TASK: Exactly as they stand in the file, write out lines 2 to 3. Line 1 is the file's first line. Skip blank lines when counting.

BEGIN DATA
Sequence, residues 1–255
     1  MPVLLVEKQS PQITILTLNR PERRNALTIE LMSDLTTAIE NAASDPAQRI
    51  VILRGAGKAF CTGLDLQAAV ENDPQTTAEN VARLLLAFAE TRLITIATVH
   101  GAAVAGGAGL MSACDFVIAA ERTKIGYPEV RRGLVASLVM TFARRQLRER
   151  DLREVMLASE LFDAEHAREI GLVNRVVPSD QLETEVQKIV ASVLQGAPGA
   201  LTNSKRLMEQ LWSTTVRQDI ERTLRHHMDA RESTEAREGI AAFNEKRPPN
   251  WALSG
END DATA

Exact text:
     1  MPVLLVEKQS PQITILTLNR PERRNALTIE LMSDLTTAIE NAASDPAQRI
    51  VILRGAGKAF CTGLDLQAAV ENDPQTTAEN VARLLLAFAE TRLITIATVH